Drug overdoses in the US are the leading cause of accidental deaths, and accidental deaths are the third-leading cause of death overall in the US - but new research suggests they remain vastly undercounted. 

Researchers found that one in six deaths ruled sudden cardiac arrests that happened outside of hospitals in San Francisco were actually caused by overdoses, typically of a cocktail of drugs, usually including opioids. 

And because overdose death rates in San Francisco closely mirror rates nationwide, the research team from the University of California, San Francisco (UCSF) is concerned that overdoses across the US are similarly underestimated. 

The opioid epidemic, a top public health priority, has nearly been subsumed by urgent efforts to address the coronavirus pandemic - but the new study is a sobering reminder that the American overdose crisis rages on, often unseen.  

Researchers at UC San Francisco found overdose deaths 'masquerading' as sudden cardiac deaths accounted for one in six fatalities attributed to the fatal heart phenomenon (file)

Researchers at UCSF reviewed cause of death records, autopsies and toxicology reports for all deaths that were recorded as sudden cardiac arrests that occurred outside hospitals over seven years. 

None of those who died had overtly obvious signs that they would have died of drug overdoses, such as prior overdoses or drugs found with the body. 

Cardiac arrest, which occurs when the heart simply stops beating, often because of a malfunction in the electrical system that give the heart its pulsing rhythm, can kill someone in minutes. 

If someone dies suddenly outside a hospital, without signs they've been unable to breathe or suffered some other sudden ailment, it's likely that they have died of sudden cardiac arrest, which is distinct from but may follow a heart attack. 

More than 356,000 people suffer sudden cardiac arrests at home, at work, or otherwise outside of hospital settings each year.

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Nine out of 10 of them - or 320,400 - don't survive. 

In 2018 - the most recent full year for which the Centers for Disease Control and Prevention (CDC) has released data - 67,637 people's deaths were attributed to drug overdoses. 

But if the UCSF finding that one in six sudden cardiac arrest deaths were actually drug overdoses holds true nationwide, the annual drug death toll may be well over 100,000.   


A cardiac arrest occurs when the heart suddenly stops pumping blood around the body, which is usually due to a problem with electrical signals in the organ.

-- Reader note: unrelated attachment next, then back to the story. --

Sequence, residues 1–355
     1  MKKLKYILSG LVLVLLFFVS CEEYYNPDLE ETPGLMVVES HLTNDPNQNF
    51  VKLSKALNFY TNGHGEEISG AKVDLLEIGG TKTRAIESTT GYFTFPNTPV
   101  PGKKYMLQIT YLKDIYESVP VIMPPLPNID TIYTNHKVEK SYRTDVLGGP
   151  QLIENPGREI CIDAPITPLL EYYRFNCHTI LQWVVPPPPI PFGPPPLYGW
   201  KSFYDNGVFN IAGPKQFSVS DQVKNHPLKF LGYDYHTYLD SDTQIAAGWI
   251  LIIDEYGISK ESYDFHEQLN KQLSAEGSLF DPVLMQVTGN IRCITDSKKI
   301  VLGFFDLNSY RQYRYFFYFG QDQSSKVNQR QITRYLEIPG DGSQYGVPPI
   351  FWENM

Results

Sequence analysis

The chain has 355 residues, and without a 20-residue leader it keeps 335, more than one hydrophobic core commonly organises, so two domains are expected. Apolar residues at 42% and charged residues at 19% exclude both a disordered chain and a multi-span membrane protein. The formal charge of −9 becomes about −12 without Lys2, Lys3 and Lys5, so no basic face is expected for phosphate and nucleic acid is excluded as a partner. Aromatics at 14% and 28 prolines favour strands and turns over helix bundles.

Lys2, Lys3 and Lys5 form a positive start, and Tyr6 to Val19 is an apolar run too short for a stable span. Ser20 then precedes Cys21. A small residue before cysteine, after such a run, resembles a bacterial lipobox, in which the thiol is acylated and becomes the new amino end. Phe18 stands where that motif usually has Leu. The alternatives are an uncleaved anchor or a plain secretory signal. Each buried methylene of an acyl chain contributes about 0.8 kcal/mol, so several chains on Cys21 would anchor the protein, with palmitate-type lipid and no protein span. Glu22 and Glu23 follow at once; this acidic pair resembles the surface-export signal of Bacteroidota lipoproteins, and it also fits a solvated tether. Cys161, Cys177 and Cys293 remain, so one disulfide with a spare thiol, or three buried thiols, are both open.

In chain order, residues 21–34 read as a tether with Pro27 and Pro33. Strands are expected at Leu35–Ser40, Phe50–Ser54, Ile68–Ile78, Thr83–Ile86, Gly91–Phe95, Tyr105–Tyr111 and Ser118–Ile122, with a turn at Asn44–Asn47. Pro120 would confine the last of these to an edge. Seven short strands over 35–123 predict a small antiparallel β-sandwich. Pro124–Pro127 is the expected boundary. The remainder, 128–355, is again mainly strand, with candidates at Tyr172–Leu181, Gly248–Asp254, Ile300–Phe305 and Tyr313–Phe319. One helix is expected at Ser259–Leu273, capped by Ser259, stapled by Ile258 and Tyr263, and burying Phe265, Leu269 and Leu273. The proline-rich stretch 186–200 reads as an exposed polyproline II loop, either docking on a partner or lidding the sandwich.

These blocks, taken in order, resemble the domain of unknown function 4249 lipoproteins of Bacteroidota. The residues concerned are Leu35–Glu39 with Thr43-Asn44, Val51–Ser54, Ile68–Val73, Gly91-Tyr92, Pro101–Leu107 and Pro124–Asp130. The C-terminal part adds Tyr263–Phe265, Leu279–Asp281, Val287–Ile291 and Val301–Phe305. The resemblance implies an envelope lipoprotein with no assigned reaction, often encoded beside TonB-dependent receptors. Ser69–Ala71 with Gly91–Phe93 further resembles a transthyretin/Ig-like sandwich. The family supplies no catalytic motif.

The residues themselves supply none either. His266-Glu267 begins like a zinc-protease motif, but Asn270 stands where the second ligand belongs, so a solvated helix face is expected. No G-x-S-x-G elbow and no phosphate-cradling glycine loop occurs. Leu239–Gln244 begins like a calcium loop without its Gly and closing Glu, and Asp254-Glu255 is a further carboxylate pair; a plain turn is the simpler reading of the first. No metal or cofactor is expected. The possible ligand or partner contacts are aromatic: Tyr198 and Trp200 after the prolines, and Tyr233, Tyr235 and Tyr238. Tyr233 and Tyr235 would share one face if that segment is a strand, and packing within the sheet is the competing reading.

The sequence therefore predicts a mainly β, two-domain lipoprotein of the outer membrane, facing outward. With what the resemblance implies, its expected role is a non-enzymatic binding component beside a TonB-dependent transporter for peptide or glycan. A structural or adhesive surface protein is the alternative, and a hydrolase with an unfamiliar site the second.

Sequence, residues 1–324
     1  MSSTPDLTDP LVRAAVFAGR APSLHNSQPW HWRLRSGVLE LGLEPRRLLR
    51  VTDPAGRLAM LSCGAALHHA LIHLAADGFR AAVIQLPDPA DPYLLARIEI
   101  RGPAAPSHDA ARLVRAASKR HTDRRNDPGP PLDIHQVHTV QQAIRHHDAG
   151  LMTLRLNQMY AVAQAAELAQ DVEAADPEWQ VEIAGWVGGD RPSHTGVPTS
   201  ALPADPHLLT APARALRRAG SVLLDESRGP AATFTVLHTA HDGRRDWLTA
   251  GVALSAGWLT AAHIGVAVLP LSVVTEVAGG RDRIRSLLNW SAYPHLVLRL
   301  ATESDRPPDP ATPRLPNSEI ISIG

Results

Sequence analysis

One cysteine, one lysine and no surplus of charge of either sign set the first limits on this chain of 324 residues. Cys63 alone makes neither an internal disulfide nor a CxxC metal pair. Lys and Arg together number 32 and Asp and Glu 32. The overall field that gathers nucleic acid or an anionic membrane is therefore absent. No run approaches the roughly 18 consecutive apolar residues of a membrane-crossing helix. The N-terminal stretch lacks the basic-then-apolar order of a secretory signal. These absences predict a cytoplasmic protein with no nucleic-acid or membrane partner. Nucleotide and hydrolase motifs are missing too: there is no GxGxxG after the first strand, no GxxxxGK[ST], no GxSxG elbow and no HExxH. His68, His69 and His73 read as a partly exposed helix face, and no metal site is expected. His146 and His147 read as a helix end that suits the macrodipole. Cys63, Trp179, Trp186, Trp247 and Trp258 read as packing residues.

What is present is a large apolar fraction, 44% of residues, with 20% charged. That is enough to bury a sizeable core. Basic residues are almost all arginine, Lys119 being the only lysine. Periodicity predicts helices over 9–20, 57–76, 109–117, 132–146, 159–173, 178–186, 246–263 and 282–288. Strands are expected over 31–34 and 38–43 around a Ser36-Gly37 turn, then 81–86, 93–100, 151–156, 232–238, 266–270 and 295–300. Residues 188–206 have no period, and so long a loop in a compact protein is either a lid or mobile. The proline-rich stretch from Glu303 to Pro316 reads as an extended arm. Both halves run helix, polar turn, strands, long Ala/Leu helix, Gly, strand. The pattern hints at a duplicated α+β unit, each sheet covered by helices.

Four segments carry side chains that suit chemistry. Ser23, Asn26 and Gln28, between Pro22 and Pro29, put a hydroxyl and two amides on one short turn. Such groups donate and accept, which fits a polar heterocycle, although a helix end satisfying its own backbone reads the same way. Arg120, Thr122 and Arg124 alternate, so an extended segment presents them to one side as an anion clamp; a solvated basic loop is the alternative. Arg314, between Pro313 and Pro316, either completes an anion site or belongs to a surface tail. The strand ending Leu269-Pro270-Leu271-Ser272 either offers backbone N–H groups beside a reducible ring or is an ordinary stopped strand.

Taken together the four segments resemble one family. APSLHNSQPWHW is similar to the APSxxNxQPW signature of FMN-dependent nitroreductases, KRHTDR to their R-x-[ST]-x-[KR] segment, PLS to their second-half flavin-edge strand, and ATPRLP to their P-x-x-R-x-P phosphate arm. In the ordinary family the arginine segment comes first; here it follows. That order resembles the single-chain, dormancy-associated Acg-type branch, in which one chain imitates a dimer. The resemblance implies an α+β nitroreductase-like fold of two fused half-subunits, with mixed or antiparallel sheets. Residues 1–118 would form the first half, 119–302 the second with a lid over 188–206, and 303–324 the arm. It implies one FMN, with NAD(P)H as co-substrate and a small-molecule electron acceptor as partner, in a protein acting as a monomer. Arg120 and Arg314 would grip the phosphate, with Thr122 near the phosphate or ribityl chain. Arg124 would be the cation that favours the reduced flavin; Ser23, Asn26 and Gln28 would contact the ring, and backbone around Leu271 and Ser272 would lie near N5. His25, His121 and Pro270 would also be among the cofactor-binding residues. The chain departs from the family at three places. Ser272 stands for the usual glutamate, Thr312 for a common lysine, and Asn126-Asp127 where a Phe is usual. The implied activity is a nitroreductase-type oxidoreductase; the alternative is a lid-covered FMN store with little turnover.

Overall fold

This causes the brain to be starved of oxygen, which results in sufferers not breathing and losing consciousness.

In the UK, more than 30,000 cardiac arrests occur a year outside of hospital, compared to over 356,000 in the US.

Cardiac arrests are different to heart attacks, with the latter occurring when blood supply to the heart muscle is cut off due to a clot in one of the coronary arteries. 

Common causes include heart attacks, heart disease and heart muscle inflammation.

Drug overdose and losing a large amount of blood can also be to blame.

Giving an electric shock through the chest wall via a defibrillator can start the heart again. 

In the meantime, CPR can keep oxygen circulating around the body.

Most the toxicology reports revealed multiple drugs in the systems of those who had died of overdoses 'masquerading' as sudden cardiac deaths, the UCSF researchers found. 

In many cases, those cocktails of drugs included opioids. 

Worryingly, about half of the drugs involved in the overdose deaths were prescribed to those people by doctors. 

Fentanyl is considered the driver of overdose deaths in recent years. 

The potent opioids is too often used to cut heroin to make it cheaper and more addictive.  

So someone using a dose that is standard to them is suddenly hit with a far stronger drug that can slow their breathing until it stops altogether. 

But some 80 percent of people who misuse heroin first developed opioid addictions after being prescribed painkillers. 

While powerful stimulants like cocaine can themselves cause the heart to beat too fast, leading to heart attacks or arrhythmias and then sudden cardiac arrest, opioids don't directly cause cardiac arrest. 

In an opioid overdose, a person's breathing slows, then stops, depriving the brain, and then the heart of oxygen, finally causing cardiac arrest.   

But ultimately it is difficult to distinguish whether a cardiac arrest happened on its own, or was the consequence of a drug overdose at the point that a paramedic arrives on the scene. 

The distinction is critical, however, in two senses. 

For one, mistaking drug overdoses for cardiac arrests may lead to an undercount of the former, and diminish the urgency with which the overdose epidemic is addressed. 

And furthermore, while a defibrillator may save the life of someone in the midst of cardiac arrest, a person having a drug overdose can be saved with naloxone, the overdose-reversal drug.